The Kremlin claims NATO is building up forces on Russian borders, while the West accuses Moscow of preparing to invade Ukraine. The Eastern European country, on the other hand, says that it has not recorded any Russian equipment or military movement directly near the border, but is ready for a potential large-scale confrontation. How likely is a “great war” between Russia and Ukraine?
This is not the first time that various media, analyst and politicians announce an “imminent” Russian invasion of Ukraine. Ever since Moscow, Kyiv, European mediators, as well as representatives of the self-proclaimed Donetsk People’s Republic and Lugansk People’s Republic signed the Minsk-2 Agreement in February 2015, there were numerous speculations of Russia’s plans to grab more Ukrainian territory. Although the Minsk-2 deal effectively ended “the hot phase” of the Donbass conflict that erupted in 2014, low-scale positional warfare still goes on. However, over the past six years most media remained silent on daily shelling and sniper firing along the front line, but there were occasional speculations that the Kremlin could “soon” invade Ukraine. In March and April there were numerous reports of both Russia and Ukraine building up their forces near the Donbass and Crimea, but at the end “a big war” has not broken out.
This time the very same warmongering rhetoric dominates the public discourse, which is irresistibly reminiscent of Aesop’s fables The Boy Who Cried Wolf. Indeed, the very nature of the Donbass conflict indicates that it can be resolved only by war, unless Russia agrees to voluntarily to return the coal-rich region to Ukraine, which at this point does not seem very probable. Hypothetically, Moscow could trade the Donbass for Nord Stream 2 pipeline, especially after Germany’s energy regulator temporarily halted the certification process for the new pipeline that will carry Russian gas into Europe. Such a move, however, could have severe consequences for the very existence of the Russian Federation, given that once the Donbass issue is resolved, the status of Crimea will undoubtedly be on the table. Thus, the Kremlin is expected to keep preserving the status quo in the Donbass as long as possible.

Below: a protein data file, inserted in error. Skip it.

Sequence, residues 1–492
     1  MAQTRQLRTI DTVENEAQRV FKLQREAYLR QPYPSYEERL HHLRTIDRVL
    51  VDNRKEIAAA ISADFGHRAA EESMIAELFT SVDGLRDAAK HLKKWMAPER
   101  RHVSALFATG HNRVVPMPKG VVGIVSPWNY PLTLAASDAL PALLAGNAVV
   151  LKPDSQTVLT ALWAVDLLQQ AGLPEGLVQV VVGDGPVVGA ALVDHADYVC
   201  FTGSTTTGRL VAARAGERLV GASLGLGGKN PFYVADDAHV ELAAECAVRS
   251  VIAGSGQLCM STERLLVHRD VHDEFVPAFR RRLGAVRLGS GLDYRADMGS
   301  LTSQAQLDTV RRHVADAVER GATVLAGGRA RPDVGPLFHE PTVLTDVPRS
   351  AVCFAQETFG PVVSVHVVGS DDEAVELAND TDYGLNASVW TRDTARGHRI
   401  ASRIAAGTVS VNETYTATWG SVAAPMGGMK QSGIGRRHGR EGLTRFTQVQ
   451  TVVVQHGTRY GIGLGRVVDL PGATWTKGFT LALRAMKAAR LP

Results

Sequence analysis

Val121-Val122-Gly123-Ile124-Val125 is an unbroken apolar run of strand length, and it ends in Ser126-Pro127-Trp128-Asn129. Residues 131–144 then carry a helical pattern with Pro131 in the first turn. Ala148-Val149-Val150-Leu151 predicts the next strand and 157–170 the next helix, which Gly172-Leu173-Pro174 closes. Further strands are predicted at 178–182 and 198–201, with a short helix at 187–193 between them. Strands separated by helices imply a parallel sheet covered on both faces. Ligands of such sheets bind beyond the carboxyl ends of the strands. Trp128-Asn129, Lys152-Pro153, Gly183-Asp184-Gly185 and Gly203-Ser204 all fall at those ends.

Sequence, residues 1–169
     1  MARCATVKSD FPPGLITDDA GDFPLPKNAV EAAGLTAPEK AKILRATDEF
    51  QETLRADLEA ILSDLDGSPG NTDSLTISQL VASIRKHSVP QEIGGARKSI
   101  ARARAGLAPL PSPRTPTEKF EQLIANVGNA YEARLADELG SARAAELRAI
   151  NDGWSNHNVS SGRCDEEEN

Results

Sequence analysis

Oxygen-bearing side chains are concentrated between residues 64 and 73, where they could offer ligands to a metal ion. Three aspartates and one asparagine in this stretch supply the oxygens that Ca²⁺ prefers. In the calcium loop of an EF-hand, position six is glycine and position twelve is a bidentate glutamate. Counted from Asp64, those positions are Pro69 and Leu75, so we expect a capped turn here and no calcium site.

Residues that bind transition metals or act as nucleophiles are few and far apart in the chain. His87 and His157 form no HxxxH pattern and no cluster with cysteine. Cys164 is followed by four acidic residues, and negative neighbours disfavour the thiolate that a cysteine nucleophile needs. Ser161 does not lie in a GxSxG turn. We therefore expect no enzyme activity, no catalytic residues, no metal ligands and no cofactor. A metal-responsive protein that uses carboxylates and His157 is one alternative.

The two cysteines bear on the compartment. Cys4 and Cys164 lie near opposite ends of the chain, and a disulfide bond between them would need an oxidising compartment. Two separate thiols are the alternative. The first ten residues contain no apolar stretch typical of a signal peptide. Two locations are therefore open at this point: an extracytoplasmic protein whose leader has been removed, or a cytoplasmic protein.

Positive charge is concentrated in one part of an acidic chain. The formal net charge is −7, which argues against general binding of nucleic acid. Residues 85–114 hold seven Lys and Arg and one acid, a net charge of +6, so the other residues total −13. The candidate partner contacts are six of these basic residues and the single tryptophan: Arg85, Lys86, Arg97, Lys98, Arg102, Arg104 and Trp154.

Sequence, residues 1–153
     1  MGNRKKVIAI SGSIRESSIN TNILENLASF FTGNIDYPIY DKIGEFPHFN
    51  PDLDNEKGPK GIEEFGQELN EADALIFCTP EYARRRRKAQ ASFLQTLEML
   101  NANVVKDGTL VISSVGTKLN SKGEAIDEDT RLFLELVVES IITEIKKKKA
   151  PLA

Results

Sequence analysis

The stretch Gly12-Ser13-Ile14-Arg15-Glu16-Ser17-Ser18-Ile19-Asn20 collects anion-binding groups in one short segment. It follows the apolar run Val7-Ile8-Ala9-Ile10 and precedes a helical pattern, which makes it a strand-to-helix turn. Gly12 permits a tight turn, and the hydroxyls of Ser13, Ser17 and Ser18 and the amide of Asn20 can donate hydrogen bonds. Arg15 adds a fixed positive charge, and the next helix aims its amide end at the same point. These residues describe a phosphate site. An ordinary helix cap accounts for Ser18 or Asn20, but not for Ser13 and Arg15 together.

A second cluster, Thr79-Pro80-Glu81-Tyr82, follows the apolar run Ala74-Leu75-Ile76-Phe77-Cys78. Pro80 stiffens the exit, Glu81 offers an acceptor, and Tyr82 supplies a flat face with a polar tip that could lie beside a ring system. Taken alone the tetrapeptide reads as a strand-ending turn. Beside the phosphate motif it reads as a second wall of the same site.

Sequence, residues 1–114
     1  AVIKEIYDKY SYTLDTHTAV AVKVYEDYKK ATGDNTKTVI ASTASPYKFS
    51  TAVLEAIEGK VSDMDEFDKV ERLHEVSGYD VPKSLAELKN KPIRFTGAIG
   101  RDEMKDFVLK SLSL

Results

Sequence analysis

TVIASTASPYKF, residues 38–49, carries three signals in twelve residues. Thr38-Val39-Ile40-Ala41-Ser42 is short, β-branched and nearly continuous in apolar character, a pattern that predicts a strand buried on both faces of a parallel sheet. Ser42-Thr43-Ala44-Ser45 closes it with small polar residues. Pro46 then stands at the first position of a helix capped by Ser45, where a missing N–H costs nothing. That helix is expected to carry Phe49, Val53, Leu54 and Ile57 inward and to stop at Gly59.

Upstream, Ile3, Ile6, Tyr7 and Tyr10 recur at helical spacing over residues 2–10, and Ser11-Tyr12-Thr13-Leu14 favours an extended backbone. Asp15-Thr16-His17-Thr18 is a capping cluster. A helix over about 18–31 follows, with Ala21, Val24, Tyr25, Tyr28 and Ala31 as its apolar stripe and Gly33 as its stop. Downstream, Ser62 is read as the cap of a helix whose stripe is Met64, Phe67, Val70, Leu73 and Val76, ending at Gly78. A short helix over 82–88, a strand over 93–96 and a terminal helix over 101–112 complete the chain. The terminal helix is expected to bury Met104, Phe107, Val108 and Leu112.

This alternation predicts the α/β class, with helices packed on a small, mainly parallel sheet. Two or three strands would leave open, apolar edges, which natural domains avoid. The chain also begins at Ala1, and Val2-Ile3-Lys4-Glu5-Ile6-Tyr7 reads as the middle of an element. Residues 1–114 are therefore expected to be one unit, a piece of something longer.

There are, however, fears in the West that Moscow may launch an invasion of Ukraine in order to pressure its Western partners to give a green light for Nord Stream 2. Given the current energy crisis, it is rather debatable who needs the controversial pipeline more – Russia or the European Union. Although Nord Stream 2 is believed to be purely Russia’s geopolitical project, in reality it is a joint business between Russia’s state-owned energy giant Gazprom, Royal Dutch Shell, German utility company E.ON, Austrian multinational integrated oil and gas company OMV and French multinational electric utility company Engie. Still, after the United States recently imposed additional sanctions in connection with the Nord Stream 2 gas pipeline, and Ukrainian gas companies Naftogaz and GTSOU were given notice that they will be included in the ongoing German certification procedures of the project, Russia and Germany may have a hard time pursuing their gas agenda.